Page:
The author of the Gospel of John has Jesus claiming that believers will have rivers of living water pouring from them.

Engaging the Spirit opens the gate to incredible gifts. The early community experimented with new forms of community. Hope and excitement became parts of the lives of people who, until then, had little to hope for their lives. As the community spread creating new communities around the Mediterranean and to the East and South, to India and Ethiopia, the intersection between Spirit, Story, and traditions resulted in the creation of a diversity of communities, some of which, such as the Syrian Orthodox churches, survived persecutions, and the rise and fall of numerous empires over the centuries.

There are Christian communities in India that trace their origins to the work of Thomas.

Prodded by the Spirit, people have produced advances in Mathematics, Sciences, Arts including Music and Drama, government, and business. There are many charities whose roots lie in faith and belief.

On a personal level, Spirit-filled lives meet obstacles with determination and confidence, needs with generosity, hate and fear with love and compassion.

Life with the Spirit brings riches resistant to corrosion, theft, and financial meltdowns.

The pot hole in the Road of Riches started by Pentecost is the desire for control. Lack of trust in the power of God to make things right prompted, and prompts, leaders to make decisions that squelch the Spirit, close the gates. Walter Farquarson, as a meeting of Saskatchewan Conference, gave a keynote address which included his plea for the church to get out of the way of the Spirit. I discovered that this plea seemed to have been missed by most of the people at that meeting—possibly an example of cognitive dissonance. Too many people believe church has to be a certain way, and anything else is not really church. No matter how much evidence they encounter that goes against this belief, they are unable to accept it.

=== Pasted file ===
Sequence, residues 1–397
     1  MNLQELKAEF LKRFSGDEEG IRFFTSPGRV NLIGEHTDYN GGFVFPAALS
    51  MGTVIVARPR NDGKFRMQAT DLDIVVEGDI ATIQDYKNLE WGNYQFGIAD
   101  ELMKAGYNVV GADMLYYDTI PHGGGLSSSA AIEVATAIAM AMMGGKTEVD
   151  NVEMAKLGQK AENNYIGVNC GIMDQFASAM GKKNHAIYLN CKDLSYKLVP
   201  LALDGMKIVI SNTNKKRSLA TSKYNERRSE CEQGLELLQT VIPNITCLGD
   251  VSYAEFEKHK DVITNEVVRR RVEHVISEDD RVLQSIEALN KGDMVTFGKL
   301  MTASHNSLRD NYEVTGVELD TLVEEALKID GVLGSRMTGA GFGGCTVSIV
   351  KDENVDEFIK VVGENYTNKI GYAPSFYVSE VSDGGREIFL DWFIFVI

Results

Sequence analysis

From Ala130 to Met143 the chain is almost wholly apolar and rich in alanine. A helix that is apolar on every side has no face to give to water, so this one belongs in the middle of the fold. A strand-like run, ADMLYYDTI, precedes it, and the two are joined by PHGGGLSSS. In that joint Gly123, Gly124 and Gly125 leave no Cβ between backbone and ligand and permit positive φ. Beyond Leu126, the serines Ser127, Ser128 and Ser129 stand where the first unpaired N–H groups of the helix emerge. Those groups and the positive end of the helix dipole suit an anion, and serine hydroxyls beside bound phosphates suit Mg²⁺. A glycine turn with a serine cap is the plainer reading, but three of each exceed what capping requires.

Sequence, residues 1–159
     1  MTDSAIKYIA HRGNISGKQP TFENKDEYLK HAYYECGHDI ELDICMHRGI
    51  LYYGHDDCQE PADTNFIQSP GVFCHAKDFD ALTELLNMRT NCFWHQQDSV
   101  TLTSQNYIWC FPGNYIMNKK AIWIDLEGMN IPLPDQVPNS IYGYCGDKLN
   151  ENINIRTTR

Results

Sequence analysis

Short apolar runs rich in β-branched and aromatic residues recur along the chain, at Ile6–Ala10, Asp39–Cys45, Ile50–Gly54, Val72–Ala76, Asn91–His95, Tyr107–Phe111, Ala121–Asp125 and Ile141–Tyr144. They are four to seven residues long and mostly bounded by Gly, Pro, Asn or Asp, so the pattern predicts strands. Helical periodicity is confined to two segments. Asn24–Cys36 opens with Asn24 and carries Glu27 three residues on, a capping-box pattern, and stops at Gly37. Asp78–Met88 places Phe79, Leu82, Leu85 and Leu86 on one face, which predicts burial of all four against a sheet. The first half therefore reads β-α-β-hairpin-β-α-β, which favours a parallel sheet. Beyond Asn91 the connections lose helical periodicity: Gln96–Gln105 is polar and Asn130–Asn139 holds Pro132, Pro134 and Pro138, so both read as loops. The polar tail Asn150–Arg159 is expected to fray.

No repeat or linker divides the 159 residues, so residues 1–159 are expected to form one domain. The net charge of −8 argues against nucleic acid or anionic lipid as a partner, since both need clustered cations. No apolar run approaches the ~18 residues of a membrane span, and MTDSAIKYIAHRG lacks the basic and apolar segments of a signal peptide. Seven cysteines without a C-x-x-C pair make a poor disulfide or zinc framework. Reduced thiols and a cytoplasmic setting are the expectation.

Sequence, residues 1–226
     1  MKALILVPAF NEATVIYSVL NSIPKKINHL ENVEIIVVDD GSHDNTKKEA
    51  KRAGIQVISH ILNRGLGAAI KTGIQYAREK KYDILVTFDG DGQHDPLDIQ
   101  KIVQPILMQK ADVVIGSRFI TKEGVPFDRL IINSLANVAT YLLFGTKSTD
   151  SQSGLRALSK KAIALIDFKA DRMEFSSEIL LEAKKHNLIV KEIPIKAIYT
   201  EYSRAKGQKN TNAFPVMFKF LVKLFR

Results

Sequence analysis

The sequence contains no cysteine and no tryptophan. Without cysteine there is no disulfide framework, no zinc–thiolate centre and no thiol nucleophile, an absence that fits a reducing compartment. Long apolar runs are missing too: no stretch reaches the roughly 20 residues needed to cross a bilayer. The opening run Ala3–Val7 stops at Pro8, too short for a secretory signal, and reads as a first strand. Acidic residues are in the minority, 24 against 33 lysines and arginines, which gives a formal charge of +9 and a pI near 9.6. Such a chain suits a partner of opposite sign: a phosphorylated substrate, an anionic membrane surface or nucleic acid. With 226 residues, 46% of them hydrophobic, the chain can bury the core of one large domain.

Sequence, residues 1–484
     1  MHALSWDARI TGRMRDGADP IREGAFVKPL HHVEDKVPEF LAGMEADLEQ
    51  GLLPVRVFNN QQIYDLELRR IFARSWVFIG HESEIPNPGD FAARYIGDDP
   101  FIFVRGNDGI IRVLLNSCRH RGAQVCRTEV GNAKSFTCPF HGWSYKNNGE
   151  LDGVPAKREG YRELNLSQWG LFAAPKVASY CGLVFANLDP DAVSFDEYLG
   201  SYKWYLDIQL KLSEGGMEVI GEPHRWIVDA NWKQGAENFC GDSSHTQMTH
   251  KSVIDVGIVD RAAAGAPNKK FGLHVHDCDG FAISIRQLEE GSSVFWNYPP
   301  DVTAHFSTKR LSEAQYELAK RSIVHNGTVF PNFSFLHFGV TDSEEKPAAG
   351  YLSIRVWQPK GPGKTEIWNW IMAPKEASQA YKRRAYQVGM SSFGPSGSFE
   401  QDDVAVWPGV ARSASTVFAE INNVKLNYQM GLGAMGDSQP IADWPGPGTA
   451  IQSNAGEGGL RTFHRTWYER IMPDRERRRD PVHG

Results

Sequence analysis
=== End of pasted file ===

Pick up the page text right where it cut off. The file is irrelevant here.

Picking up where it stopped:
This is why churches have a reputation for being boring and strict places to be. It is sad that desire for security, comfort, and control has so strongly marked the church that was born when no one present had control: wind and tongues of fire, speaking in tongues, preaching in the streets. Traditionalism puts traditions on pedestals and turns a deaf ear to calls to live out the excitement of Pentecost in changing people’s lives.

Patriarchalism confiscated the church to protect the status of white males.

Greed for status, wealth and power had church leaders becoming allies with political leaders, turning the church into the opposite of what Jesus preached.

This is part of our church history. It does not have to be part of our church future. The church was born in the midst of chaos. Chaos may be what is needed to give birth to the new church needed today by the world. There is resistance to this chaos.

Fortunately, the Spirit will always burst forth, disrupting what is not of God to make space for what does come from God. Today, churches are dying and churches are being born as this disruption continues.

New churches provide places for people to receive, enjoy and share their riches. These riches will be different for each person, and the focus will be on the church liberating people and their gifts, not on people keeping the church alive.

Tomorrow, whenever that might be, the church will fully again be a place where everyone finds the keys they need to open gates to rich lives on roads of riches that really matter.   In the process, they will use some of their riches to support the ministry of the church to others. And we will continue on the way where Jesus leads us, one step at a time. Thanks be to God.